The amendments to the National Employment Standard regarding casual employees are about bringing certainty to casual employment arrangements.
Employers should now be considering what steps they need to take to comply with the NES including assessing offers of conversion for employees who commenced employment prior to 27 March 2021. This is particularly relevant as there are a number of steps that employers must take prior to 27 September 2021.
The amendments to the NES follow on from the amended Fair Work Amendment (Supporting Australia’s Jobs and Economic Recovery) Bill 2021 (Casual IR Reforms) passed 22 March 2021.
The amendments made on 27 March 2021:
- introduced a statutory definition of casual employees that focuses on the offer and acceptance of employment;
- oblige employers (but not small business employers, that is, employers with fewer than 15 employees) to offer regular casual employees conversion to full or part-time employment, unless there are reasonable business grounds not to do so;
- enable casual loading amounts to be offset against claims for leave and other entitlements in certain circumstances (addressing the potential for ‘double dipping’); and
- require casual employees to be provided with a Casual Employment Information Statement published by the Fair Work Ombudsman.
There are also steps that employers must take during the transitional period, being prior to 27 September 2021, in relation to casual conversion for their employees who commenced employment prior to 27 March 2021. This obligation is discussed later in this Update.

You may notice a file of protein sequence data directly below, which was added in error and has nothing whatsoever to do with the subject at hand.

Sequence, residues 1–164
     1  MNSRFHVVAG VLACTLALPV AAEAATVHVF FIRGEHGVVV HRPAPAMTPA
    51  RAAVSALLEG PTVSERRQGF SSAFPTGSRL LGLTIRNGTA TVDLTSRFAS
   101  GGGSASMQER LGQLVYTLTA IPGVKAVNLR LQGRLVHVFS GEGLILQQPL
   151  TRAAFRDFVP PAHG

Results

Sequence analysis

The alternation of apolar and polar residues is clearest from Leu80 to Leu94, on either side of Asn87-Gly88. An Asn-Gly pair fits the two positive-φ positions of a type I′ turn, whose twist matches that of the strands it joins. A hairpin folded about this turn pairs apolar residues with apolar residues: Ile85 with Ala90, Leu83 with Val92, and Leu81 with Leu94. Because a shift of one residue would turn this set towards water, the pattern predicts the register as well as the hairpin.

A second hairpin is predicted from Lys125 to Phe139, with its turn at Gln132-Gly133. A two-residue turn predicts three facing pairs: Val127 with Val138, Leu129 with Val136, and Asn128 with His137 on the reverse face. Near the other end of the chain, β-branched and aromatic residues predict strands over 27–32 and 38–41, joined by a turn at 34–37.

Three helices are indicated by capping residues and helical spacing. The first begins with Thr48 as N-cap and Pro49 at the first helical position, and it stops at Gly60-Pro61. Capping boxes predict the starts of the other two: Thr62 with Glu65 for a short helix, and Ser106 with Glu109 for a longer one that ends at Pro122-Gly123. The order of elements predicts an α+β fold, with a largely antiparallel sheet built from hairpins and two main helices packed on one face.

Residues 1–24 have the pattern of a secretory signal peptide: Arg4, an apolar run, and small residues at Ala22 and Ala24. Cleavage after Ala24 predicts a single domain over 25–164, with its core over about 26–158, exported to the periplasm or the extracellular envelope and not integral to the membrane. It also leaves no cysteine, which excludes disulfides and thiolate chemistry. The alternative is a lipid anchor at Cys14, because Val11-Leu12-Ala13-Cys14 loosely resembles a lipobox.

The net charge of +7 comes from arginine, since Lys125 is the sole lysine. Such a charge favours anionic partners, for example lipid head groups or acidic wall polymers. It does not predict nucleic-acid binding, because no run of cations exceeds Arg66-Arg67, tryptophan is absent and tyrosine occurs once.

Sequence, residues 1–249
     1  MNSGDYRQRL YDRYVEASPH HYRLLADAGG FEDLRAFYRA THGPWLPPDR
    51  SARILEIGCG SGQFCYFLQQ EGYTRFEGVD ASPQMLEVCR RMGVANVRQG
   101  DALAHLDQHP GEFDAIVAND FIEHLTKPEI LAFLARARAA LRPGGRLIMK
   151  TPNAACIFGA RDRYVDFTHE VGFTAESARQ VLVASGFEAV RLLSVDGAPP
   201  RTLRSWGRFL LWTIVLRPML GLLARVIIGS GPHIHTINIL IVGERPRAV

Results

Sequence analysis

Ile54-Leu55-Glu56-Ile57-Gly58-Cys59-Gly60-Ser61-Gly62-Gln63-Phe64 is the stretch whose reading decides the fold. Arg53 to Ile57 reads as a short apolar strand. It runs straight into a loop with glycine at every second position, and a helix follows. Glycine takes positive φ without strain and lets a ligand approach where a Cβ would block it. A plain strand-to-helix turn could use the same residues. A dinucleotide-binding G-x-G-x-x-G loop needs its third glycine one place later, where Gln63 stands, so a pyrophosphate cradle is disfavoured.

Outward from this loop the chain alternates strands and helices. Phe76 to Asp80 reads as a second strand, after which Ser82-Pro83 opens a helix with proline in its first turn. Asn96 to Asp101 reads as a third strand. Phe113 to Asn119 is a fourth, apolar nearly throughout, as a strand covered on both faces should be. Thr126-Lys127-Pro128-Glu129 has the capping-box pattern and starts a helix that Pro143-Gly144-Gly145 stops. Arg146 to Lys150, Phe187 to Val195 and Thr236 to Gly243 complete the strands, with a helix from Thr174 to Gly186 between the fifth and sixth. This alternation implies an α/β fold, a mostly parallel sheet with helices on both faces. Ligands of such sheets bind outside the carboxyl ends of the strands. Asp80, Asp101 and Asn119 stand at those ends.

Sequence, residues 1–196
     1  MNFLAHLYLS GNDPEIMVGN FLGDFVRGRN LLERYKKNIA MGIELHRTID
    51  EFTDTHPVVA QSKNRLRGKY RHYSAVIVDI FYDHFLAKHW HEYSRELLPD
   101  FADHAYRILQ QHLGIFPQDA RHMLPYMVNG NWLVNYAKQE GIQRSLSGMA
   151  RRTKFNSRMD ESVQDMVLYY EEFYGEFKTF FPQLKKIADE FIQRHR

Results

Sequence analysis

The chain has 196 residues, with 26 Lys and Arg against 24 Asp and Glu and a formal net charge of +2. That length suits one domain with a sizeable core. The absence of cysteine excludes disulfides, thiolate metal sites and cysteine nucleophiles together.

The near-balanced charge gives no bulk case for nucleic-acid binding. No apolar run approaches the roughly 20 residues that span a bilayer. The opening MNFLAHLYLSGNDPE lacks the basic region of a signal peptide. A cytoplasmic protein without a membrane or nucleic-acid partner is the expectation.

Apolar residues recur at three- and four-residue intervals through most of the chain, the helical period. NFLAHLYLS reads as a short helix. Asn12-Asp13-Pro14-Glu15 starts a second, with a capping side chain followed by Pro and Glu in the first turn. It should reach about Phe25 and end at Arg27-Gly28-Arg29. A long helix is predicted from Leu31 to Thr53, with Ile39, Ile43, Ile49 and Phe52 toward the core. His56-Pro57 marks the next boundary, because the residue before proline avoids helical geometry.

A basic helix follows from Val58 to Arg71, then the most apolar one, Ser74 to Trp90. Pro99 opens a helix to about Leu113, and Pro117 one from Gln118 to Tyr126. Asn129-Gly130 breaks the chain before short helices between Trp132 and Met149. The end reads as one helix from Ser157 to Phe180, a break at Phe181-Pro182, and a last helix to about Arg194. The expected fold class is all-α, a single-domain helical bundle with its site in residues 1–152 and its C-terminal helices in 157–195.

Should employers need any advice on their casual conversion obligations, or assistance with contract reviews and template casual conversion documentation, Gadens is well placed to assist.
Casual employee – definition
The definition will provide both employer and employee with certainty about the casual employee’s status and entitlements.
A person will be a casual employee if:
- an offer of employment is made on the basis that the employer makes no firm advance commitment to continuing and indefinite work according to an agreed pattern of work;
- the person accepts the offer on that basis; and
- the person is an employee as a result of that acceptance.
The absence of a firm advance commitment to continuing and indefinite work is assessed at the time the offer of employment is made. The factors against which this criteria is assessed are:
- whether the employer can elect to offer work and whether the person can elect to accept or reject work;
- whether the person will work only as required;
- whether the employment is described as casual employment; and
- whether the person is entitled to a casual loading or a specific rate of pay for casual employees under the terms of the offer, an award or enterprise agreement.
It is a matter of priority for employers to now be reviewing and updating their casual employment contracts so that they meet these requirements. Contract reviews should also focus on ensuring that employers are in a position to seek to offset the casual loading paid against claims for leave and other relevant entitlements.
When offers must be made
The NES requires an employer to offer eligible casual employees conversion to ongoing full-time or part-time employment within 21 days after the end of the employee’s 12 month anniversary of commencing employment, subject to specified exemptions.
A casual employee will be eligible if the employee:
- has been employed by the employer for a period for 12 months beginning the day the employment started; and